Cyclobenzaprine: 7 things you should know
Medically reviewed by Carmen Fookes, BPharm. Last updated on Nov 10, 2020.
1. How it works
- Cyclobenzaprine relaxes muscles by reducing muscle hyperactivity via gamma and alpha motor systems (these are nerve fibers that directly connect with skeletal muscle and are responsible for muscle contraction). Cyclobenzaprine acts primarily through the brain stem rather than the spinal cord and does not act directly on skeletal muscle.
- Cyclobenzaprine will not reduce muscle spasm due to central nervous system (CNS) disease, such as cerebral palsy.
- Cyclobenzaprine belongs to a class of drugs known as muscle relaxants.
- Relieves muscle spasm associated with acute, painful, musculoskeletal conditions.
- Improves pain, tenderness, and range of motion associated with muscle spasms and increases a person's ability to perform their day-to-day activities.
- Cyclobenzaprine is the most studied skeletal muscle relaxant.
- Relieves skeletal muscle spasm without interfering with muscle function.
- The sedative effects of cyclobenzaprine may help those experiencing insomnia as a result of muscle spasms.
- Long-lasting effects.
- Cyclobenzaprine has not been associated with addiction; however, abrupt discontinuation may produce symptoms such as nausea, headache, and a general feeling of discomfort. The dosage of cyclobenzaprine is best tapered off slowly on discontinuation.
- Generic cyclobenzaprine is available.
If you are between the ages of 18 and 60, take no other medication or have no other medical conditions, side effects you are more likely to experience include:
- Sedation. This is a major side effect and it may impair reaction skills and affect a person's ability to drive or operate machinery. Avoid alcohol
- Other common side effects include dry mouth, fatigue, difficulty with urination, an increase in eye pressure, headache, dizziness, blurred vision, or nausea
- Should only be used short-term (for periods of up to two to three weeks only)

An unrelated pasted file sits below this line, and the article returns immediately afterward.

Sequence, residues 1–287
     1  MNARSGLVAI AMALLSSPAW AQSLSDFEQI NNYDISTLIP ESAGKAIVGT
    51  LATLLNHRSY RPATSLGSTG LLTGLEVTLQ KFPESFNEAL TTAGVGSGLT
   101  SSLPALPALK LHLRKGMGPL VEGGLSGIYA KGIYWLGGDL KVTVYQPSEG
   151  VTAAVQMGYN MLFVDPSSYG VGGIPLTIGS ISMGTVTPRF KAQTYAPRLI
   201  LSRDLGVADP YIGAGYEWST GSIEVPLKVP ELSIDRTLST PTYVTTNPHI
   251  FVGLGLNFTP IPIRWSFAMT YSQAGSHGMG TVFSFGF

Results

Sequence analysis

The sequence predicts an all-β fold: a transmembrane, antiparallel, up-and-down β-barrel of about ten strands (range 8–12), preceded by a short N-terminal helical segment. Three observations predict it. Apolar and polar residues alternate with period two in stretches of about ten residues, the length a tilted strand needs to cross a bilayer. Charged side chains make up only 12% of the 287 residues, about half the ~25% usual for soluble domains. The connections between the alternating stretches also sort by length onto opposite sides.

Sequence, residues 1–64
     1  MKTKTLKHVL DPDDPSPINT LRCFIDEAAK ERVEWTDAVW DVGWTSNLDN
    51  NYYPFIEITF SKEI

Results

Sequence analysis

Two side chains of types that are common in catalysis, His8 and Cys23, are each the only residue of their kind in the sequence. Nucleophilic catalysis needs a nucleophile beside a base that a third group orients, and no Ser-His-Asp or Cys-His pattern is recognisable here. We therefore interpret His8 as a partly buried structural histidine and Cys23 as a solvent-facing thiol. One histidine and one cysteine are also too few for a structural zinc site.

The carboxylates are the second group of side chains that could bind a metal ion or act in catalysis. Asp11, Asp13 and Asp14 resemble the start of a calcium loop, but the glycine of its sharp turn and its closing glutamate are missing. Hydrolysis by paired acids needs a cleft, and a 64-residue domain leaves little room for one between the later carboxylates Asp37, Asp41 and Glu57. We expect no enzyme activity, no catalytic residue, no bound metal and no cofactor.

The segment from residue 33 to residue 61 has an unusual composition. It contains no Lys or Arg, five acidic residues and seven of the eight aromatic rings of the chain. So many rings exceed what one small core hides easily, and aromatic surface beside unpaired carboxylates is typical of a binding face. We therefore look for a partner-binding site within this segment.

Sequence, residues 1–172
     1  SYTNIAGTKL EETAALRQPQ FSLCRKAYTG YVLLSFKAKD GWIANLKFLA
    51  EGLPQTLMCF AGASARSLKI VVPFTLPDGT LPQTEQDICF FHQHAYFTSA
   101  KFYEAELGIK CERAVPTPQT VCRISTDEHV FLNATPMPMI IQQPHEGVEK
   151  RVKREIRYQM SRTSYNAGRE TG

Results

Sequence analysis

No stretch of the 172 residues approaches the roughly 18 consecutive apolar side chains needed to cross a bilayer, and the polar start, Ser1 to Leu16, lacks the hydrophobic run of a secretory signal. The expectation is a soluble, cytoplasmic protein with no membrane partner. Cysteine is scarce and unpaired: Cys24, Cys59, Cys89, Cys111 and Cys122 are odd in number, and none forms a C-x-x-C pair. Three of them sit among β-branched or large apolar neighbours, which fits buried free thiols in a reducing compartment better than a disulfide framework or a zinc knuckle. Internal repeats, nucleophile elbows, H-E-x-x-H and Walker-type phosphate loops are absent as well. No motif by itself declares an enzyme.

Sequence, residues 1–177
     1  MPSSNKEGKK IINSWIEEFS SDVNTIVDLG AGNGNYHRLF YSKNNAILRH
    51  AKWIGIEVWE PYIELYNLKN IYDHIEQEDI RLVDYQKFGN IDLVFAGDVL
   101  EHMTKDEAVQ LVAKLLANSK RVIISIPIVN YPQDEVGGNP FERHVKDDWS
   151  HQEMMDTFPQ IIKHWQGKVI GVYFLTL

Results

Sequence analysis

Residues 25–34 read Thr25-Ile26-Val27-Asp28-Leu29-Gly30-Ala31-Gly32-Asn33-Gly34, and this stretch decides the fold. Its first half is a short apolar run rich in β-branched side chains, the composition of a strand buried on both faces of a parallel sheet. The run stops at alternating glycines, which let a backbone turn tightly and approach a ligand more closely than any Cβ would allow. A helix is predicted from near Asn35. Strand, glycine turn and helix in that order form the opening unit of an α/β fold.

- Not effective for muscle spasms occurring as a result of cerebral or spinal cord disease, or in children with cerebral palsy
- Cyclobenzaprine should never be given within 14 days of monoamine oxidase (MAO) inhibitor antidepressants, as the combination may be fatal
- Interaction with other drugs that also increase serotonin (such as antidepressants, tramadol, St John's Wort, bupropion) may cause serotonin syndrome. Symptoms include mental status changes (such as agitation, hallucinations, coma, delirium), fast heart rate, dizziness, flushing, muscle tremor or rigidity, and stomach symptoms (including nausea, vomiting, and diarrhea)
- Cyclobenzaprine may enhance the effects or side effects of tricyclic antidepressants (for example, amitriptyline and imipramine), alcohol, and other CNS depressants
- May not be suitable for people with arrhythmias, heart block or conduction disturbances, heart failure, hyperthyroidism, or immediately following a heart attack
- The dosage of cyclobenzaprine should be reduced in people with mild liver disease. It should not be taken by people with moderate-to-severe liver disease
- Cyclobenzaprine may not be suitable for people with glaucoma or increased intraocular pressure, a history of urinary retention, or taking other drugs that also have anticholinergic side effects (anticholinergic side effects include constipation, blurred vision, and increase in eye pressure)
- Elderly people may be more sensitive to the effects of cyclobenzaprine, and the dosage should be kept low if the benefits of using it in seniors outweigh the risks.
Note: In general, seniors or children, people with certain medical conditions (such as liver or kidney problems, heart disease, diabetes, seizures) or people who take other medications are more at risk of developing a wider range of side effects. View complete list of side effects
4. Bottom Line
Cyclobenzaprine is a muscle relaxant that may be used short-term to treat muscle spasms caused by musculoskeletal conditions, in addition to rest and physical therapy. Sedation is a common side effect.